World’s Fastest Camera Captures 10 Trillion Frames Per Second

Posted: Oct 14 2018, 3:36am CDT | by , in Latest Science News


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World’s Fastest Camera Captures 10 Trillion Frames Per Second
The trillion-frame-per-second compressed ultrafast photography system.

The new camera literally makes it possible to freeze time and observe light in extremely slow motion.

Researchers have developed the world’s fastest camera that can capture 10 trillion frames per seconds. That speed is thousands of times faster than conventional high-speed cameras.

The new high-speed camera, called T-CUP, can literally freeze time and makes it possible to see incredibly rapid processes even light in extremely slow motion.

Many phenomena in chemistry, physics and biology have not been captured before. In order to observe them, a camera requires a way to record images in real time at a very short temporal resolution. No current camera is fast and sensitive enough to perform this job.

Compressed ultra-fast photography (CUP) served as a starting point for the new super-fast camera. CUP is a dynamic imaging technique that can capture 100 billion frames per second. Still, it is not capable of integrating ultra-short pulses in femtosecond range. To overcome this limitation, researchers developed a femtosecond streak camera that also incorporates a data acquisition system used in applications such as tomography.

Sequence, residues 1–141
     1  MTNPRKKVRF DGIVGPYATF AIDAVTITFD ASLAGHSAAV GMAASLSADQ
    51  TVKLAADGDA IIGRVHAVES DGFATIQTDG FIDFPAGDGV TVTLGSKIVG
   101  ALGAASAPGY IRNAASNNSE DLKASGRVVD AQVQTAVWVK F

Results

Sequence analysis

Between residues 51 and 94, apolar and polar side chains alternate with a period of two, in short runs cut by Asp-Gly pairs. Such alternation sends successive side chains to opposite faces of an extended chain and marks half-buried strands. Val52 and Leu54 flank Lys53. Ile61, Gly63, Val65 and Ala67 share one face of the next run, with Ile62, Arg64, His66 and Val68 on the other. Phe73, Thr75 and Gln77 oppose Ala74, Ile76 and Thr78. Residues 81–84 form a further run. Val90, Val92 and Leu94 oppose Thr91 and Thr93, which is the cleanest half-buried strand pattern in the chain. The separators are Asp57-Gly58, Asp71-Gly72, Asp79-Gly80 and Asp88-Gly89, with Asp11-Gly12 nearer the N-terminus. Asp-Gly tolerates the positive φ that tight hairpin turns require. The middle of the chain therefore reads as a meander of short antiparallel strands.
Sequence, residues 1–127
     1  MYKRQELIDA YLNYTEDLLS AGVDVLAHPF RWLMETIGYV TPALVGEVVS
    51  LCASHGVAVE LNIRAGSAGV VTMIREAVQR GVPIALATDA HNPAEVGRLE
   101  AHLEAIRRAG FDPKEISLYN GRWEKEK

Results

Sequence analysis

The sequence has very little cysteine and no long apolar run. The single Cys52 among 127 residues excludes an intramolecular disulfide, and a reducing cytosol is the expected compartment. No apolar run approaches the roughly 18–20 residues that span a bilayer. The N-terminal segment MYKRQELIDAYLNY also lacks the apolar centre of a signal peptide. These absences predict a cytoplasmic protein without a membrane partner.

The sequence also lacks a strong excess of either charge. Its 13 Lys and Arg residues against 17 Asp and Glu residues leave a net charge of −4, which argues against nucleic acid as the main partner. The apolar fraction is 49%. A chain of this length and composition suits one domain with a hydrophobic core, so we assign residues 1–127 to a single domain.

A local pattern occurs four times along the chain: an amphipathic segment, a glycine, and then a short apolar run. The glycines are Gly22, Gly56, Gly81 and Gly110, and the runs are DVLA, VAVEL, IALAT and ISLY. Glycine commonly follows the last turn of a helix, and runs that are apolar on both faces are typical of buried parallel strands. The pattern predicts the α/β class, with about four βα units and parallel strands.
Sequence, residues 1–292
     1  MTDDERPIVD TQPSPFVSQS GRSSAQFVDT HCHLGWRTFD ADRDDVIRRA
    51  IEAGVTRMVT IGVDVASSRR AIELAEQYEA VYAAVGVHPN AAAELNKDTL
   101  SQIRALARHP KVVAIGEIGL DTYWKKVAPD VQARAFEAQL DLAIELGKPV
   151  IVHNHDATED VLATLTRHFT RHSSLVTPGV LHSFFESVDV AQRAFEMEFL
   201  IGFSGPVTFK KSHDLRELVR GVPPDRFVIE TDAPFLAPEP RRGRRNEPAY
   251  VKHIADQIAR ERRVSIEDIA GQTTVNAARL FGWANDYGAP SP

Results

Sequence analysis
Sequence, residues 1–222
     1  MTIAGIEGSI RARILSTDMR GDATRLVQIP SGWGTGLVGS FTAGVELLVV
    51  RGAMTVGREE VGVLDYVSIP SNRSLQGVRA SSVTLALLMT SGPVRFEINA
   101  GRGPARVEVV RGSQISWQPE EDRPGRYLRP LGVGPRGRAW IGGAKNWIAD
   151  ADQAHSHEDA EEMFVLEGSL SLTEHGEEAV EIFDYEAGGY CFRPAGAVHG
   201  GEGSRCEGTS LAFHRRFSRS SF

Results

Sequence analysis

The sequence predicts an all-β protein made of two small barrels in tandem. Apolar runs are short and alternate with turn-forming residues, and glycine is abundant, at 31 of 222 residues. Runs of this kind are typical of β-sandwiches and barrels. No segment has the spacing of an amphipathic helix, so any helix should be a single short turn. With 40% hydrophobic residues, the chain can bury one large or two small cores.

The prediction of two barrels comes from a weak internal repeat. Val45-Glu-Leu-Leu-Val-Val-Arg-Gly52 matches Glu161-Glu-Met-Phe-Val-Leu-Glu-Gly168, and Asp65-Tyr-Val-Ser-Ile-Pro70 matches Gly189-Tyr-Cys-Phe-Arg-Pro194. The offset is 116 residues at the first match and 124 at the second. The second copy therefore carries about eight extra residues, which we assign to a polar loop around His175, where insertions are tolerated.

“We knew that by using only a femtosecond streak camera, the image quality would be limited," said Professor Lihong Wang, the Bren Professor of Medial Engineering and Electrical Engineering at Caltech. "So to improve this, we added another camera that acquires a static image. Combined with the image acquired by the femtosecond streak camera, we can use what is called a Radon transformation to obtain high-quality images while recording ten trillion frames per second.”

The ultra-fast camera set the world record for imaging speed by capturing the temporal focusing of a single femtosecond laser pulse in real time. This process was recorded in 25 frames taken at an interval of 400 femtoseconds and shows the light pulse's shape, intensity and angle of inclination in a remarkable detail. Speeds like this hold great promise for studying previously unexplored complex ultra-fast processes.

“It’s an achievement in itself,” said lead author Jinyang Liang, who was an engineer for Caltech Optical Imaging Laboratory (COIL). “But we already see possibilities for increasing the speed to up to one quadrillion (10 exp 15) frames per second!”

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<a href="/latest_stories/all/all/47" rel="author">Hira Bashir</a>
The latest discoveries in science are the passion of Hira Bashir (). With years of experience, she is able to spot the most interesting new achievements of scientists around the world and cover them in easy to understand reporting.




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